Occasionally we come across project requirements that include the ability to do sequential numbering in Access on a set of data. We cannot just use the auto-number data type because there is no promise of sequentiality but only uniqueness. In other words, if someone creates a record then later deletes it, there will be a gap in the sequence. So, what are our options? There are actually several ways, each with its pros and cons.
Can anyone tell me what the maximum no. of worksheets is in Excel? Ton From Help...Limited by available memory (default is 3) -- HTH Nick Hodge Microsoft MVP - Excel Southampton, England nick_hodgeTAKETHISOUT@zen.co.uk.ANDTHIS "Ton" wrote in message news:EB5EE739-9250-4D83-AA7C-EE82C02C0AA3@microsoft.com... > Can anyone tell me what the maximum no. of worksheets is in Excel? The maximum number only depends on the amount of memory available. -- Best Regards Leo Heuser Followup to newsgroup only please. "Ton"
Remember that you must update the values in the sheet if you want to continue the numbering series with the next batch of tickets. For instance, if you want your next batch of tickets to start with 112, you'd open the workbook and change the value 100 to 112, and update the remaining values accordingly. Don't forget to save the workbook after updating the values.

Ah, that’s the con – this works beautifully when you are in fact exporting data but when you are viewing the query’s output in a datasheet or a form, as you scroll around, Access will be re-evaluating the rows, including a call to the RowNumber(). But when it repeatedly calls RowNumber(), of course it keeps incrementing blindly, without any regards to whether a number was already generated for that row.


Using this script… no. While I use the data merge feature of InDesign often, I avoid the “multiple records” feature, but I typically prepare one record on one page, output the resulting file to PDF and then let the imposing software take care of the page imposition. If page imposition software is something that you don’t have, there is an alternate technique that requires preparing one record on a page, and then using the multipageimporter2.5 script to import them onto a larger sheet. Here is the link to that article: http://colecandoo.com/2011/10/28/theres-more-than-one-way-to-cut-and-stack/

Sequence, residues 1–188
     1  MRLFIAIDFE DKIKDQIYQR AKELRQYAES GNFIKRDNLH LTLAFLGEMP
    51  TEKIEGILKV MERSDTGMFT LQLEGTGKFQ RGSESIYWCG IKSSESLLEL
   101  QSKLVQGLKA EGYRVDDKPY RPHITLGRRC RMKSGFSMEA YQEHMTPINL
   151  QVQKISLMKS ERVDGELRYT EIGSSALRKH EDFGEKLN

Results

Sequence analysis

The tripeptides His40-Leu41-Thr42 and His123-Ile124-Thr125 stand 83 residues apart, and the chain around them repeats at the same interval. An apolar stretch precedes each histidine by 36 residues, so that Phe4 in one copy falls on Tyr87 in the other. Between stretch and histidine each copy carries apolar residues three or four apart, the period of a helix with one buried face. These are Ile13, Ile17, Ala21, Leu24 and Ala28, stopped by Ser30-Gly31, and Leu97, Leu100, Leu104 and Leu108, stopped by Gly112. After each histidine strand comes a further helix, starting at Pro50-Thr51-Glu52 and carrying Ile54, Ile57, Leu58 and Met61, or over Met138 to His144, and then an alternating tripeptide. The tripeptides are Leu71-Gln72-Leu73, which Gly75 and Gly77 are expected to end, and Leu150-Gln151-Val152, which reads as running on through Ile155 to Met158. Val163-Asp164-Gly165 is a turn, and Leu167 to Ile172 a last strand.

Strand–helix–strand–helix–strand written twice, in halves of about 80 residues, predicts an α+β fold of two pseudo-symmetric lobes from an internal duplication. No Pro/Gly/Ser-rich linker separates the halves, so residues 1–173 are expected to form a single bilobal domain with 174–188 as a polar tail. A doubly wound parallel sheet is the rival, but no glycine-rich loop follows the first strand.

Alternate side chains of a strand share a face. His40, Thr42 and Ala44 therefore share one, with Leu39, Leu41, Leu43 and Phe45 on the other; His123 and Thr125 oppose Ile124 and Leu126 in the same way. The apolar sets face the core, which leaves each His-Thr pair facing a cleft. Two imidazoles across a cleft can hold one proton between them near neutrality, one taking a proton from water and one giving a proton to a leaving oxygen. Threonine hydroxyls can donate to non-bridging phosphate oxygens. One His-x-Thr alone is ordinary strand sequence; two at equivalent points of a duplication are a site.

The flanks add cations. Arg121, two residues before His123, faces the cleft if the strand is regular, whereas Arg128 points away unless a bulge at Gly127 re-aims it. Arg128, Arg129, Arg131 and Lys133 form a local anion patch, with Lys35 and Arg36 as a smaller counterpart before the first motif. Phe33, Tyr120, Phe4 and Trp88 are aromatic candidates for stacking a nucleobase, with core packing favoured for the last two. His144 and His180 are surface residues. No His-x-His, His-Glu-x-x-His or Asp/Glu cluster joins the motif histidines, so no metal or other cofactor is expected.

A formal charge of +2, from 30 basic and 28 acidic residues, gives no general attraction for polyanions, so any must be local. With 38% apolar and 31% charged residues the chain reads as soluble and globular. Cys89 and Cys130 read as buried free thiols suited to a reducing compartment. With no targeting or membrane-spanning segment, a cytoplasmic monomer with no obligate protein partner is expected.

Some drawbacks to this feature are that you lose a little control when you are typing. Word formats for you and some users do not like this. Also, on certain items, you will get a number when you do not expect or need one. For example, you have an attorney whose name begins with an initial (A. George Smith). When you type the name and press ENTER, the first initial "A." converts to an automatic number.
This will work OK for a small set of data, but the more data there is, the more intensive the subquery becomes, and it must be called repeatedly for each row. This is one of those rare cases where doing it in VBA is faster than doing it in SQL — after all, row numbering is fundamentally iterative, not set-based which just goes against the grain of what SQL was designed to do – solve a problem in a set-based fashion, non-iterative fashion.

There’s an old Steve Martin joke about how to make a million dollars which starts, “First, get a million dollars…” That’s the key to this trick, too: First, get a bunch of numbers. Here’s a file with 1,197 numbers in it. Now import or paste those numbers into a thread so that the numbers appear in the right place. If you need two matching numbers, just import it twice.